Gwyneth Paltrow’s lifestyle brand, Goop, has been pulled through the wringer a few times, usually by logical people who can see the insanity behind inserting rocks into your lady bits.
This month the company made headlines for settling a lawsuit over claims that the aforementioned rocks, or vaginal eggs as Gwyneth calls them, could balance hormones.
Despite the controversies, brands like Goop can always rely on stupid people with too much money to keep their sales up.
In fact, Business Insider reports that the company is now worth $250 million, so let’s take a look at some of the weirdest products on offer.
The Elvie pelvic floor trainer, £169 (R3 100)
Fact – your pelvic floor muscles are not supposed to contract continuously. If believing that Goop products actually work hasn’t already ruined your sex life and relationships, then this thing will finish the job by causing really bad pelvic pain.
Fur pubic hair oil, £45 (R630)
If you don’t shave or wax your bikini line, then this oil is a way for Gwyneth Paltrow to make money. Don’t put odd oils in your bikini area, it’s bad for you.
Amethyst bottle, £78 (R1 500)
Goop’s amethyst bottles claim to infuse your water with positive energy, and even “enhance existing psychic abilities”.
It’s a rock in a water bottle. You can DIY your own by buying a water bottle and putting a rock in it. It will be just as effective.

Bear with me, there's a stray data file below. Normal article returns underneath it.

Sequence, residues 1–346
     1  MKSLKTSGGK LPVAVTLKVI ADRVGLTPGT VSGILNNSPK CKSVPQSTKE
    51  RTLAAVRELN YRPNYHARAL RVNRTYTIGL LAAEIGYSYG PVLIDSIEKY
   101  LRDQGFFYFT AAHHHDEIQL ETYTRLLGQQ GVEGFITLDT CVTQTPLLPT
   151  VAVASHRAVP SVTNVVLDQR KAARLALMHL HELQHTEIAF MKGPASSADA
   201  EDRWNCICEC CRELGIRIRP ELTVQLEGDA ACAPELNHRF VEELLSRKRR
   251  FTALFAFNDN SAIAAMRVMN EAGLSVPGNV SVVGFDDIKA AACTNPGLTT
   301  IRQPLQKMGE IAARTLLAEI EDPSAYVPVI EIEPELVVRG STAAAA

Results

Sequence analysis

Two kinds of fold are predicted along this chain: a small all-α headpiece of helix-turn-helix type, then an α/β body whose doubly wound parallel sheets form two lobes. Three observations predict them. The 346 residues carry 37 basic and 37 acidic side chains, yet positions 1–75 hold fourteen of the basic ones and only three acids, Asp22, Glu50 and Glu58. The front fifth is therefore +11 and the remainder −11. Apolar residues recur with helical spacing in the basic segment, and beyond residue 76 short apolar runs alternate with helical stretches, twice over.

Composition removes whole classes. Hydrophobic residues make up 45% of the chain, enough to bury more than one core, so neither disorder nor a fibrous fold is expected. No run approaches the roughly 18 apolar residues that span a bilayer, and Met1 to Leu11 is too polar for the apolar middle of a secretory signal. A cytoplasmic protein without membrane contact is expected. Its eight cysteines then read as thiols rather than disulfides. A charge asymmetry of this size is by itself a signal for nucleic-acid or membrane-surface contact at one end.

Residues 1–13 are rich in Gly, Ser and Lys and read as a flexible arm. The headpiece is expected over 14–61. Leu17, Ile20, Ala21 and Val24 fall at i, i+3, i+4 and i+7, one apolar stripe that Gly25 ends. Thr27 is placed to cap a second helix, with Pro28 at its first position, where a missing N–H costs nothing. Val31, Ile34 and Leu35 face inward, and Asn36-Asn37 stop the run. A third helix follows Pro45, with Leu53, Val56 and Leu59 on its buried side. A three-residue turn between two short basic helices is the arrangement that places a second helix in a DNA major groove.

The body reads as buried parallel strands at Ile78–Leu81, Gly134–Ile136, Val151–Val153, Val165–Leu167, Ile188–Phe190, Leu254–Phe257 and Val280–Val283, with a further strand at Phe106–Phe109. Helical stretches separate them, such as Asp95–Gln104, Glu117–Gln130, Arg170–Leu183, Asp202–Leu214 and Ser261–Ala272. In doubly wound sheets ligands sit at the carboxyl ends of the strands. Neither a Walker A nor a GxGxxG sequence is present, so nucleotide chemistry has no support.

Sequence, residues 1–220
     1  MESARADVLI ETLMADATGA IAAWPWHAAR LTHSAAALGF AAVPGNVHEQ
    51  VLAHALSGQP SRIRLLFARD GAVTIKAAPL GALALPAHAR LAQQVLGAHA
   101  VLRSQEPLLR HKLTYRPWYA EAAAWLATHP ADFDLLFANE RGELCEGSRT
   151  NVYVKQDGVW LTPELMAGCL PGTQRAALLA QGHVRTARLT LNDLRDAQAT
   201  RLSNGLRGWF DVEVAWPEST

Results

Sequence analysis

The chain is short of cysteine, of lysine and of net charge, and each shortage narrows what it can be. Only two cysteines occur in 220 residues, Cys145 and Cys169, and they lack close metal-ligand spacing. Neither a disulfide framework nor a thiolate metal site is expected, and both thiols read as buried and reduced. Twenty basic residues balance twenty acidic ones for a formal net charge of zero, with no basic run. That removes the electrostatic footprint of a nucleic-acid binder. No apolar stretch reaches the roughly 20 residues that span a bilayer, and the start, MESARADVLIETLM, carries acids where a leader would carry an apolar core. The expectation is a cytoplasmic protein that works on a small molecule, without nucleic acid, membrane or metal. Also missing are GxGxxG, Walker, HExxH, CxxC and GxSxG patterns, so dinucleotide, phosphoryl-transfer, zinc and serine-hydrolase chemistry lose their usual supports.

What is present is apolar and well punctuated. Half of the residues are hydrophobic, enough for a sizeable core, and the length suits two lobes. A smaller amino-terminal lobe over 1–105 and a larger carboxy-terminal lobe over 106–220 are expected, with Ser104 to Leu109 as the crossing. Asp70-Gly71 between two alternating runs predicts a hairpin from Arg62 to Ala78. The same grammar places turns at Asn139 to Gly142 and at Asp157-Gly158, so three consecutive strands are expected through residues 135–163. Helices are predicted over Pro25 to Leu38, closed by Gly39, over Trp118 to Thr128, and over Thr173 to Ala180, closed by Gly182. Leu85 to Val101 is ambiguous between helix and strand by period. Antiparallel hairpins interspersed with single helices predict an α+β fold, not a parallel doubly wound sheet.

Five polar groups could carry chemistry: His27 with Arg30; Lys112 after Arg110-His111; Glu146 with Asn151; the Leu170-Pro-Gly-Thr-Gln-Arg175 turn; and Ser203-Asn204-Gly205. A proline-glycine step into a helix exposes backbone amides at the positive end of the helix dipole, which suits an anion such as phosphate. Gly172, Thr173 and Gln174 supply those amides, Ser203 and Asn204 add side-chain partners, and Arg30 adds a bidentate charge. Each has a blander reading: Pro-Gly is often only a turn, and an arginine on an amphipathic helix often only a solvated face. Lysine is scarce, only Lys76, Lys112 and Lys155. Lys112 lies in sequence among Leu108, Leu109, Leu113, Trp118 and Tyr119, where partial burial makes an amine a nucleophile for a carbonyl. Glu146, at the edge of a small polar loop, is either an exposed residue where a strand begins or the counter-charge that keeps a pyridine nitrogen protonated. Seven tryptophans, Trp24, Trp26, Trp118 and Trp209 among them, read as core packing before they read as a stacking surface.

The Yoni Egg in jade, £65 (R1 400)
I’m going to hand this one over to Dr Jen Gunter, a California-based gynaecologist and obstetrician, who answered some questions about Goop for The Independent:
“The claim that they can balance hormones is, quite simply, biologically impossible,” she furiously wrote. “Pelvic floor exercises can help with incontinence and even give stronger orgasms for some women, but they cannot change hormones. As for female energy? I’m a gynaecologist and I don’t know what that is?!”
She then issued a health warning claiming that as jade is porous it could pave the way for a bacterial infection.
Enough said about that.
Crave Vesper Vibrator Necklace, £145 (R2 800)
It’s a gold-plated vibrator necklace, for those times when you just can’t wait? I have no idea why this would be useful, or why anyone would wear it.
Get Happy body wash, £20 (R300)
Get Happy bodywash claims to contain essential oils known to uplift your mood. We’re not entirely sure what organic geranium and peppermint have to do with one’s outlook on life, but for just £20, it’s the cheapest thing in this list.
Sure. I contain essential common-sense that stops me from spending money on this crap.
KYPRIS Moonlight Catalyst, £75 (R1 400)
“Some things are best done under the moon and stars,” according to the description on the bottle of KYPRIS Moonlight Catalyst.
This “miracle serum” is billed as an herbal alternative to retinoid treatments, using pumpkin enzymes, Hawaiian sea algae, and more to refine your complexion.
The description goes on to tell you that you should apply a few drops after sunset. Why after sunset? Maybe if you apply it before sunset you turn into an actress/con artist who owns a bogus lifestyle company and names her children after fruit.
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